Gender pay gap reporting

Peninsula Team

October 30 2015

As an employer, you might be paying a different average hourly rate to men and women within your organisation.

Some employers are required by law to report their gender pay gap every year.

Failure to comply with the regulations may result in government enforcement action and reputational damage.

In this guide, we'll explain what a gender pay gap is, the regulations around it, and how managers should manage gender pay gap reporting in organisations.

What is the gender pay gap?

The gender pay gap is the difference in the average earnings of men and women in organisations.

The gap is calculated using employer payroll data, which is drawn from a specific date each year. This specific date is known as the snapshot date.

Gender pay gap is different to equal pay. The latter is a legal requirement for employers to pay men and women equally if they are performing similar tasks.

Who should report a gender pay gap?

UK employers who have 250 or more staff members on their snapshot date must comply with gender pay gap reporting regulations.

This means that they must publish their company's gender pay gap data on their public-facing website every year.

Why is the gender pay gap reporting important?

There are various reasons why employers should measure and report their gender pay gap information on an annual basis. Some of these reasons are:

  • Maintaining an open approach to pay management.
  • Helping society to realise the benefits of closing the gender pay gap.
  • Addressing the unequal impact of the pandemic on women's earnings in comparison to men's earnings.

The following are the penalties for failing to report gender pay gap information on time and the benefits of early reporting:

Penalties for failing to report the gender pay gap

Failure to report on time or accurately puts organisations in breach of the regulations. This exposes them to the risk of an enforcement action, which may result in court orders and fines.

The government will also publish the names of organisations that failed to report. As well as information on any investigation or enforcement action taken against them.

The gender pay gap service also applies 'late badges' to employers registered within the service.

Benefits of reporting the gender pay gap early

There are several benefits to reporting the gender pay gap as soon as possible after the snapshot date. These include:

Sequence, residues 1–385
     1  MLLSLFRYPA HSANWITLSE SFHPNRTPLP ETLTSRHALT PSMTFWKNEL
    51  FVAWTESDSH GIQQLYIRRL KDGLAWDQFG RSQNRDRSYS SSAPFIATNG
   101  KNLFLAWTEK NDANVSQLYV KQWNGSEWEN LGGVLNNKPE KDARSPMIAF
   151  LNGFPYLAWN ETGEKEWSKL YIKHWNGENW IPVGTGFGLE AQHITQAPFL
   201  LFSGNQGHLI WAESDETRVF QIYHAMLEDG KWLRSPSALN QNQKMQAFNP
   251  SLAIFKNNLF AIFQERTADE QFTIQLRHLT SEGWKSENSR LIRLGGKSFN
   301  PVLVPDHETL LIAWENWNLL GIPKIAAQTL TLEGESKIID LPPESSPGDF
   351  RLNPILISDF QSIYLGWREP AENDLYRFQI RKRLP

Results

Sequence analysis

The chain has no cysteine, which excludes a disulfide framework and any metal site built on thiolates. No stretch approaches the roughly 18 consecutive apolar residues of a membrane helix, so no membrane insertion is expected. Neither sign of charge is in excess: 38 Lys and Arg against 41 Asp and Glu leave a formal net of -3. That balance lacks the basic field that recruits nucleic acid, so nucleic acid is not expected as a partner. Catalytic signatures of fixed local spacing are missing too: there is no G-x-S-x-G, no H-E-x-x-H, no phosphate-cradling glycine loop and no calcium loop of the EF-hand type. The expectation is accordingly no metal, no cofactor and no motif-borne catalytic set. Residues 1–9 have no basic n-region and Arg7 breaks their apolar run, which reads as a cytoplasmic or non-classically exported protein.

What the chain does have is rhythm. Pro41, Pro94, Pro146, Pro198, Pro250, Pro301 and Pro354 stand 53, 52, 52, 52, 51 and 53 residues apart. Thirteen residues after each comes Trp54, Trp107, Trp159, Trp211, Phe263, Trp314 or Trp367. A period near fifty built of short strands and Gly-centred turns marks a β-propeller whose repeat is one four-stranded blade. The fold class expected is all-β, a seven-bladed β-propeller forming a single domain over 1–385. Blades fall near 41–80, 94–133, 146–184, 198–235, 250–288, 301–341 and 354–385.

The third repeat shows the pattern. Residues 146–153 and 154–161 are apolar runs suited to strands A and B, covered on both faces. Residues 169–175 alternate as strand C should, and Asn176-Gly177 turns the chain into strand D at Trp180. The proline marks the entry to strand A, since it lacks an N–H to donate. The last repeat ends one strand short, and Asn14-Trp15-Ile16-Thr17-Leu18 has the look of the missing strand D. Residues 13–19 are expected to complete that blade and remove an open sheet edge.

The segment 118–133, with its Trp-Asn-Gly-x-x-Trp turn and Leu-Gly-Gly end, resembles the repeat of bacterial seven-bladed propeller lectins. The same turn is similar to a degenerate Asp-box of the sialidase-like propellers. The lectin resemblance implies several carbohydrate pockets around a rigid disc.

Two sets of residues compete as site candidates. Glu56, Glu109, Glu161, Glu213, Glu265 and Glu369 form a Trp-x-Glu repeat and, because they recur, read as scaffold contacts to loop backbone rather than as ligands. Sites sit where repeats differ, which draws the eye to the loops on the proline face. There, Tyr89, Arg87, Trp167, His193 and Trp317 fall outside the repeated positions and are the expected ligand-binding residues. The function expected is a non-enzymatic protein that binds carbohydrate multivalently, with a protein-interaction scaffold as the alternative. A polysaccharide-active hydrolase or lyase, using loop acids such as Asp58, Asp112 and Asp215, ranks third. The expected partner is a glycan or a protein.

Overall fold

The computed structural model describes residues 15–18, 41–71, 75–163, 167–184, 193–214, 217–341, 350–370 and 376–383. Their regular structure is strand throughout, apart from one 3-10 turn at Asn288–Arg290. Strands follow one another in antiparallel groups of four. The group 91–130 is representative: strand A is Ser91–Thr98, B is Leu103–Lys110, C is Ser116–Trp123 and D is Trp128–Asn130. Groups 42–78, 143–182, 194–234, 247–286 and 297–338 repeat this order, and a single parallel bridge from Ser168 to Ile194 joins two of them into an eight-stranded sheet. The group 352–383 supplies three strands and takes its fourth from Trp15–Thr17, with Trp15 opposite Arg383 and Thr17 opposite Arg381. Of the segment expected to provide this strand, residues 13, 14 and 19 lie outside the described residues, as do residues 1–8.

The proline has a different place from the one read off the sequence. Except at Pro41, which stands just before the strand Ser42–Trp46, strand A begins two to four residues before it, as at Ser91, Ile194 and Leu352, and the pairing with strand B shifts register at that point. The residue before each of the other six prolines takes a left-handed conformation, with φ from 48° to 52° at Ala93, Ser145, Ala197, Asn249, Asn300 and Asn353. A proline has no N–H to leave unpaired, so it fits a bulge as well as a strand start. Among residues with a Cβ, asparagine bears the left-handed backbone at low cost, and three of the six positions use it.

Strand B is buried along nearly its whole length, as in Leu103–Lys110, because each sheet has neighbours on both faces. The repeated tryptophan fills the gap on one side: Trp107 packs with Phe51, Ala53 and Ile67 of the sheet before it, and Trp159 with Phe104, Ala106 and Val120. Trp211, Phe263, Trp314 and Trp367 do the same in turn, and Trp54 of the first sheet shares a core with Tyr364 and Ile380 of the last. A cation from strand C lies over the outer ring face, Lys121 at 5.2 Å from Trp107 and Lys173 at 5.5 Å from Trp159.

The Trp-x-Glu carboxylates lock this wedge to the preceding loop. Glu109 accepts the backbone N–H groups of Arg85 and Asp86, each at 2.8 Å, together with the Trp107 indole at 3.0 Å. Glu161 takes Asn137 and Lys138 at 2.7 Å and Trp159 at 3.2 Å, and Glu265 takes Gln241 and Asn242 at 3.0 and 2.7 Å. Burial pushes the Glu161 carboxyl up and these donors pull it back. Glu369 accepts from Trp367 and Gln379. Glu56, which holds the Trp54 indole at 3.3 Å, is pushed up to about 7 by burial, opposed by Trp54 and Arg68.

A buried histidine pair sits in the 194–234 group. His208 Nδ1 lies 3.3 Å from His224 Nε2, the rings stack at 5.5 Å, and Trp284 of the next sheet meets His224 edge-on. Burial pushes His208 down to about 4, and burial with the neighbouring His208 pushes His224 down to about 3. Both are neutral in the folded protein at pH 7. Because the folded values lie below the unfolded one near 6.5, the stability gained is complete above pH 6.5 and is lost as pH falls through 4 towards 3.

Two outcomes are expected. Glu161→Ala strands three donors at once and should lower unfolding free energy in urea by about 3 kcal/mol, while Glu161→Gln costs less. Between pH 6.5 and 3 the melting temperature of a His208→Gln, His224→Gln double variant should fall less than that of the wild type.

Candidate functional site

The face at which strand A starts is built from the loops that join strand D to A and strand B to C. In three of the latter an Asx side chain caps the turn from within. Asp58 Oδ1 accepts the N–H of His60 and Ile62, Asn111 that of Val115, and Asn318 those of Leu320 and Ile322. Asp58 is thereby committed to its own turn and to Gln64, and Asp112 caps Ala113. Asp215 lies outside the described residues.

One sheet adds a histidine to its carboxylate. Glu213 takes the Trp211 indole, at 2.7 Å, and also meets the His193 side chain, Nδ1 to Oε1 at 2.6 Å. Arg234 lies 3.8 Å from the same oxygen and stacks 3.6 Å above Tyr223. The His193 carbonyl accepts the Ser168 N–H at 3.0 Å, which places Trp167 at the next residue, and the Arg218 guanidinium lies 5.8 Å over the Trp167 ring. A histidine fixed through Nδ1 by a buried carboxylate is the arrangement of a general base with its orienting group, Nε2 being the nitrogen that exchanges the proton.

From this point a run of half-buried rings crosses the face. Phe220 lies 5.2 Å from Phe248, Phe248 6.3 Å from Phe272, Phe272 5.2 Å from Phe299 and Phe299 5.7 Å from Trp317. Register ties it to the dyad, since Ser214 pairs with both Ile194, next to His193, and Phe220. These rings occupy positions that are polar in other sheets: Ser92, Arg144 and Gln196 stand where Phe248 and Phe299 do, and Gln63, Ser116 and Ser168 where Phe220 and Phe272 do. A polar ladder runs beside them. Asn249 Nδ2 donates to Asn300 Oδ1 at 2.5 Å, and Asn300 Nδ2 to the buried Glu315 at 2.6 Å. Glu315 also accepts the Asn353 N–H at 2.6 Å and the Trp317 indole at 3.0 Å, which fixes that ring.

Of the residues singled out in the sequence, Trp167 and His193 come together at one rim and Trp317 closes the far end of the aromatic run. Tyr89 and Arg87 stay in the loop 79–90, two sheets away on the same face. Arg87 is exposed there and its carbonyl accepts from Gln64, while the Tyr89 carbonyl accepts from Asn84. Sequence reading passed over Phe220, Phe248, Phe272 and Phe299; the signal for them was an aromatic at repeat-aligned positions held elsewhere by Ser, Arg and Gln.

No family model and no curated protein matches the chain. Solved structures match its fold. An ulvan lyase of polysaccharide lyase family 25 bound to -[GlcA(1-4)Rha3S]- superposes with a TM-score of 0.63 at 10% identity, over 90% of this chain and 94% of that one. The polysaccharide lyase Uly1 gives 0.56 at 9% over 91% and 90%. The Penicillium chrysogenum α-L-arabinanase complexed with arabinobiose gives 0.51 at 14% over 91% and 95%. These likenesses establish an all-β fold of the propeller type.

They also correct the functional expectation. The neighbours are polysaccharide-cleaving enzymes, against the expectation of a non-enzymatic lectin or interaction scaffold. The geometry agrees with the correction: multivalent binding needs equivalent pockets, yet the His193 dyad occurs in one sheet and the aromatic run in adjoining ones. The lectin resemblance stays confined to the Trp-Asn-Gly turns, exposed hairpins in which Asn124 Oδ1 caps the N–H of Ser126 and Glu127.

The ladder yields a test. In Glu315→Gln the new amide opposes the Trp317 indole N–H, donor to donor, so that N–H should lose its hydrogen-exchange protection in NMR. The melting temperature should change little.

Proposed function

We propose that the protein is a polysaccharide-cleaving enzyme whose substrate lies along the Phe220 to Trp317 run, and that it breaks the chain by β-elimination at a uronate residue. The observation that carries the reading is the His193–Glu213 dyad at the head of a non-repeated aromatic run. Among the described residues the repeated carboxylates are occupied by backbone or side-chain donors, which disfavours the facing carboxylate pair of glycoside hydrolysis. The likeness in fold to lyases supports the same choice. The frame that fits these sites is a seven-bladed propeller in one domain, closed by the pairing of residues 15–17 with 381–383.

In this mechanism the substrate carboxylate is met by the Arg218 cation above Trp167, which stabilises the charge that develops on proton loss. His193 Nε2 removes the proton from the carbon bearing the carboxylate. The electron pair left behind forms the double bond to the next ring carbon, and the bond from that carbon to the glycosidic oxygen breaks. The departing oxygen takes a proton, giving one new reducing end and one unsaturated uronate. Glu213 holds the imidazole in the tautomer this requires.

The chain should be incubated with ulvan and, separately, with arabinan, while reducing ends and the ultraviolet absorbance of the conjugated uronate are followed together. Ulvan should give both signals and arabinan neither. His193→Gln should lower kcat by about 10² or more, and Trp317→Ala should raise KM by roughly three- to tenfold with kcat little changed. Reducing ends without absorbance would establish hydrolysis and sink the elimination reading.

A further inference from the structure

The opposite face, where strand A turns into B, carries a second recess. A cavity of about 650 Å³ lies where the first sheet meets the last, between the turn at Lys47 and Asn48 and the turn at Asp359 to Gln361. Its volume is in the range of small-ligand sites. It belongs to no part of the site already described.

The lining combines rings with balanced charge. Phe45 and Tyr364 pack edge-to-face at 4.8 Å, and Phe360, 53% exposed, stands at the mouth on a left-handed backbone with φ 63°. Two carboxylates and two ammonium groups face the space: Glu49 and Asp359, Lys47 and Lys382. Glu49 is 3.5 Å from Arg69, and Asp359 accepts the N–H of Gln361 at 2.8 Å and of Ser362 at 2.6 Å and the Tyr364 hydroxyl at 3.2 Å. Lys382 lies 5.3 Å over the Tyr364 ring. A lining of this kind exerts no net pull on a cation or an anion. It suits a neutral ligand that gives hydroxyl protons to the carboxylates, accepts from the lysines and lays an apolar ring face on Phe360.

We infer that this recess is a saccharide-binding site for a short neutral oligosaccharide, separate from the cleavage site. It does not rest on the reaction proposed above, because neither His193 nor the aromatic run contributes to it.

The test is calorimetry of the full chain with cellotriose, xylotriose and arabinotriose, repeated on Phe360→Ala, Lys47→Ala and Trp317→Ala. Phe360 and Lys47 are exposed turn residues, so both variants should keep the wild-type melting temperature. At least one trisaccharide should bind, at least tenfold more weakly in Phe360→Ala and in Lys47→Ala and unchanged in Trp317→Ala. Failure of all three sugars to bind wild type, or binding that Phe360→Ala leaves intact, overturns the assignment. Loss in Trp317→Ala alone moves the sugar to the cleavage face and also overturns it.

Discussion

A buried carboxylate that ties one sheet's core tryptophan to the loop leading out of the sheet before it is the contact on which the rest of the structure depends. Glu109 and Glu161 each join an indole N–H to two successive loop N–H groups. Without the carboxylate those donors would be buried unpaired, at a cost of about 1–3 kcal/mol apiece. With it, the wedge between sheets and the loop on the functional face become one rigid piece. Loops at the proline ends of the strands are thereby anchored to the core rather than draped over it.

• Being seen as a leader in the industry.
  • Easy access to the required data for calculating the gender pay gap.
  • Better management of key staff required for report preparation and submission.
  • Tackling any unexpected issues or complications earlier on.
  • Having the ability to take early action to address any identified pay gaps.


Graphs on a piece of paper.

Which employees count in the gender pay gap report?

Any person with a contractual employment, on the snapshot date, must be counted in the report. For example:

You should note that employees are counted individually instead of as full-time equivalents. More description is provided below:

Part-time workers and job sharers

If you use job-share arrangements, every employee in a job-share counts as one employee. For example, if two people share a job, they count as two employees in your headcount.

When an employee has multiple jobs with your company, you can count them as one employee or according to how many employment contracts they have.

Agency workers

Agency workers must be excluded from your headcount and gender pay gap calculations. They will be counted as the workforce of the agency that provides them.

Any individual who works for a service company would be included in the headcount of the service company, not the end user.

Employees on leave

When forming your headcount and calculating the gender pay gap, you must include employees on leave, such as sick leave or maternity leave, who are receiving full pay.

If any of them is on reduced pay because of their leave, they will no longer be considered full-pay relevant employees. They must still be counted in your headcount and bonus pay gap calculations.

Self-employed people

If you hire a self-employed individual under a contract to personally work for you, they must be counted in your headcount and gender pay gap calculations.

If you have the required data, they should also be included in your gender pay gap calculations. Data examples include project initiation paperwork and a schedule of fees.

If you don't have the data, you should think about whether it's reasonably practicable to ask the employed person to provide it for you.


The decision to include or exclude partners from the gender gap calculation and headcount depends on the type of partnership you have with them:

Traditional partnerships and limited liability partnerships

Exclude these partners when calculating your headcount and gender pay gap.

Salaried partners, or LLP members who are treated as employees for payroll purposes

Include these partners when calculating your headcount, but exclude them from your gender pay gap calculations.

An office area.


For apprentices, seasonal, temporary or casual workers, and zero-hours workers, you need to refer to their contract.

The type of contract these workers are under will dictate whether or not you should include them in your headcount and calculations.